Cape Town - Implications for the rand would not be positive if a cabinet reshuffle resulted in Finance Minister Pravin Gordhan's removal from office, according to Overberg Asset Management (OAM).
Besides undermining South Africa’s institutional strength, a change in finance minister could also jeopardise the country’s fiscal discipline, OAM said in its weekly overview of the SA economic landscape.
The rand’s volatility is largely explained by local political uncertainty. However, commodity price volatility and global financial volatility are equally important drivers of rand volatility, according to a paper prepared by the IMF.
South Africa economic review
• As anticipated, the South African Reserve Bank (SARB) kept its benchmark repo rate unchanged at 7%. However, the SARB’s accompanying statement was more “hawkish” than expected. The SARB reduced its GDP growth forecast for 2017 from 1.2% to 1.1% while leaving 2018 unchanged at 1.6%.
The SARB now expects consumer price inflation (CPI) to average 6.2% in 2017 up from a previous 5.8% and forecasts that CPI will only return to its 3-6% target range in the fourth quarter (Q4), later than the previously projected Q2.
The SARB cited the unpredictability of the rand as the main obstacle to declining inflation, stating that the rand “remains vulnerable to both domestic and external shocks.” Key risks include changes in US monetary policy, global investor sentiment towards emerging markets and local political uncertainty.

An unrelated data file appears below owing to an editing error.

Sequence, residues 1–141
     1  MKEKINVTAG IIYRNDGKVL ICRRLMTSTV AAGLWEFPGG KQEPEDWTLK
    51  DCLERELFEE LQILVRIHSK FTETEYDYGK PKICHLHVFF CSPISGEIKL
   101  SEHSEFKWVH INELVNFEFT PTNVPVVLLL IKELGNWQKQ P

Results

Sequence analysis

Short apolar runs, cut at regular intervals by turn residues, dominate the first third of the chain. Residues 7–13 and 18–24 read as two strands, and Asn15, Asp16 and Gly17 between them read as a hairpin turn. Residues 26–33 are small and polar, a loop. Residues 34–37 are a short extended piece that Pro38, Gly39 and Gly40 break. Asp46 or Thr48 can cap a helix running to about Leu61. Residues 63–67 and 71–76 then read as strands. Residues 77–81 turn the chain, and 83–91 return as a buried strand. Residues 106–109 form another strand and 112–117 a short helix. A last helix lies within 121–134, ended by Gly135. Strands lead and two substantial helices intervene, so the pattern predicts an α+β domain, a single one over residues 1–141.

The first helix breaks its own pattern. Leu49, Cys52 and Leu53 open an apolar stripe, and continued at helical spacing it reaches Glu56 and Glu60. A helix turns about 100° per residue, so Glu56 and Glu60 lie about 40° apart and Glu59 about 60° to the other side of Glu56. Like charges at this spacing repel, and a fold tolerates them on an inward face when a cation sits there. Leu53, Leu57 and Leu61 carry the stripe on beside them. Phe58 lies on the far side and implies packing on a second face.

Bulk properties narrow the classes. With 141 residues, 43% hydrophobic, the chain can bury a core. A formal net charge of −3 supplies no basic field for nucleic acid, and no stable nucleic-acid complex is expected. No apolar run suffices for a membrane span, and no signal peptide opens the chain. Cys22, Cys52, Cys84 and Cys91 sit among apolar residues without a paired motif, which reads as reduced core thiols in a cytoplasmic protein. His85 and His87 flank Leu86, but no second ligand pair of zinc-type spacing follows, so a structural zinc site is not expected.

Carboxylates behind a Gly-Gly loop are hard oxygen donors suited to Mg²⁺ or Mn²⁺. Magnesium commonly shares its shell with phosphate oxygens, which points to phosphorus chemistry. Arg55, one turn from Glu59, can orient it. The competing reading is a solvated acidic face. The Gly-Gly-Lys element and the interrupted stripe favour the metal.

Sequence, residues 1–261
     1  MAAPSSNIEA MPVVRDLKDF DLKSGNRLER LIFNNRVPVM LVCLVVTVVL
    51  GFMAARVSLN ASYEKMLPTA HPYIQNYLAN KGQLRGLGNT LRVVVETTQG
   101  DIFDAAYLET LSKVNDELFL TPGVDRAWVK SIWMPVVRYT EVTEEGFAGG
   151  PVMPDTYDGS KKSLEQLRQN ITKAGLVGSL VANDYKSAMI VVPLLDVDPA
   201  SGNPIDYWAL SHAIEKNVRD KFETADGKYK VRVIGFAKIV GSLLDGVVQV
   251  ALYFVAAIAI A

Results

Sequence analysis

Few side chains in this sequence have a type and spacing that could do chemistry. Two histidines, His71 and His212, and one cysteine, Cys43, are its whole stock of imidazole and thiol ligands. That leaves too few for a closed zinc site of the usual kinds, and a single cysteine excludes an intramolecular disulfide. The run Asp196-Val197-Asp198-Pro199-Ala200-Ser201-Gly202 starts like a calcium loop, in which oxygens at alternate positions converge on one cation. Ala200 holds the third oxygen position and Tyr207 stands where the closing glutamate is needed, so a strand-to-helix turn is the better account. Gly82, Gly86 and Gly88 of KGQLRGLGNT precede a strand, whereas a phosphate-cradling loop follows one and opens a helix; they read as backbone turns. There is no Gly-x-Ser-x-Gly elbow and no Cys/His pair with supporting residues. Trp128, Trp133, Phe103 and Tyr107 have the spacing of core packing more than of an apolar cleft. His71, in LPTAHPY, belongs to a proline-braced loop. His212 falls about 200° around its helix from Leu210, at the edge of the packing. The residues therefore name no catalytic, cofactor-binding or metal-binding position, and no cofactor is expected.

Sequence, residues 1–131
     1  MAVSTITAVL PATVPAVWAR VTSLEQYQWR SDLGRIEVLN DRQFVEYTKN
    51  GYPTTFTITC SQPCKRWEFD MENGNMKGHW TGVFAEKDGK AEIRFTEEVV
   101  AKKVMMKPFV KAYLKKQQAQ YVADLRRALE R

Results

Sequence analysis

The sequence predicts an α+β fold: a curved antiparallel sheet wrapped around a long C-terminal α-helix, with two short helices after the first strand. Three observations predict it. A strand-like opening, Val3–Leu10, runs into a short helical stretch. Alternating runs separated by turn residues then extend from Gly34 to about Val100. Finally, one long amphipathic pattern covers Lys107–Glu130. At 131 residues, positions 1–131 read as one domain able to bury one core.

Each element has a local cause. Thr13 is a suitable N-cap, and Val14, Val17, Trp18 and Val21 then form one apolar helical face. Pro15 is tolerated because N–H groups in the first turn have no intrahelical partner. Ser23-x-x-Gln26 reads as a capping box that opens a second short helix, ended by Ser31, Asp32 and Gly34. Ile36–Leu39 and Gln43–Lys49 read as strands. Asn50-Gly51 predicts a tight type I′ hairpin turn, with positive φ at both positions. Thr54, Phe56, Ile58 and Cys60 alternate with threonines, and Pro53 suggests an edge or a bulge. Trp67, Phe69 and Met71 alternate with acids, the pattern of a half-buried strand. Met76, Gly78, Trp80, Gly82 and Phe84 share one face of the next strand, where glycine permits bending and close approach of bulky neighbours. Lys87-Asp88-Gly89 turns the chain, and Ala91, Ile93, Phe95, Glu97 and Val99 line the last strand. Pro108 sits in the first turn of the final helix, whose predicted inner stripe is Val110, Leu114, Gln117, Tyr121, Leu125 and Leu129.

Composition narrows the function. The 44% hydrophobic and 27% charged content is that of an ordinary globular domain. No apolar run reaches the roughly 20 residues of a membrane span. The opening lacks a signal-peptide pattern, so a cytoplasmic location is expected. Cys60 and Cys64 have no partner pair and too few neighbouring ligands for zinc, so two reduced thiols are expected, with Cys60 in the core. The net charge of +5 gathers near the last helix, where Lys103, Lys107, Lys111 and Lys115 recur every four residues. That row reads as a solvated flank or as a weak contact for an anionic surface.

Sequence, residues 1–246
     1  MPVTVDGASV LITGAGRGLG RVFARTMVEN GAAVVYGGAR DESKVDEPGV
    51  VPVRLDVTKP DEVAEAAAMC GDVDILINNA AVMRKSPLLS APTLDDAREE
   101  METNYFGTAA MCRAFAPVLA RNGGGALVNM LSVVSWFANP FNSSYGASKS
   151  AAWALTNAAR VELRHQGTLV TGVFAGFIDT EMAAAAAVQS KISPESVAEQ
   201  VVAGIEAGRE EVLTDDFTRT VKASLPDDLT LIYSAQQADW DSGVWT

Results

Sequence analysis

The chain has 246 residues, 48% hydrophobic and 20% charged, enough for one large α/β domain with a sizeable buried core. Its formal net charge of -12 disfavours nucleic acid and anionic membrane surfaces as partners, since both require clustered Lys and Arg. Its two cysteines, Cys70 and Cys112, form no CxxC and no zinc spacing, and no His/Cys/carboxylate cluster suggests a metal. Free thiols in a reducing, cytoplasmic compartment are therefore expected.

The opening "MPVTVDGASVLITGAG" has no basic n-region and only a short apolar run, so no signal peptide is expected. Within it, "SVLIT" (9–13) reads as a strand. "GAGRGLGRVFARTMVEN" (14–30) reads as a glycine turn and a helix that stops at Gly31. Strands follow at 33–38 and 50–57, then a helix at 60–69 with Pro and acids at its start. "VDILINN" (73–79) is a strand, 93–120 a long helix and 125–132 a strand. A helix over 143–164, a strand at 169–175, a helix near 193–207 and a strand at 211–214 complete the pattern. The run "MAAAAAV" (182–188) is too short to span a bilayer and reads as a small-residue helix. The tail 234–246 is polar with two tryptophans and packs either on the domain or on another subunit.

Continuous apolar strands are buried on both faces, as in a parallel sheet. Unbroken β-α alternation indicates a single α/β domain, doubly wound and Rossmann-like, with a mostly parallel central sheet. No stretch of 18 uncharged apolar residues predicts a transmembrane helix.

• Stats South Africa altered the weighting of the consumer price inflation (CPI) basket for the first time since January 2013. The key changes in basket weight were food and non-alcoholic beverages from 15.4% to 17.2% and transport from 16.4% to 14.3%.
With food prices expected to ease during 2017, the bigger food weighting should have a moderating effect on inflation in the months ahead. Equally, the lower transport weighting should diminish the impact of rising oil prices. The re-weighting of the CPI basket bodes well for inflation returning to within the South African Reserve Bank’s 3-6% target range by mid-year.
• Producer price inflation (PPI) unexpectedly accelerated from 6.9% year-on-year in November to 7.1% in December above the 6.9% consensus forecast and well up on 3.6% in 2015.
The biggest culprit was food price inflation, which increased 11.1% on the year and contributed 3.9 percentage points. However, with food prices contributing 25.2% of the PPI basket, producer inflation should subside in 2017 as the effects of the drought continue to fade in turn reducing pressure at the consumer price inflation level.
The week ahead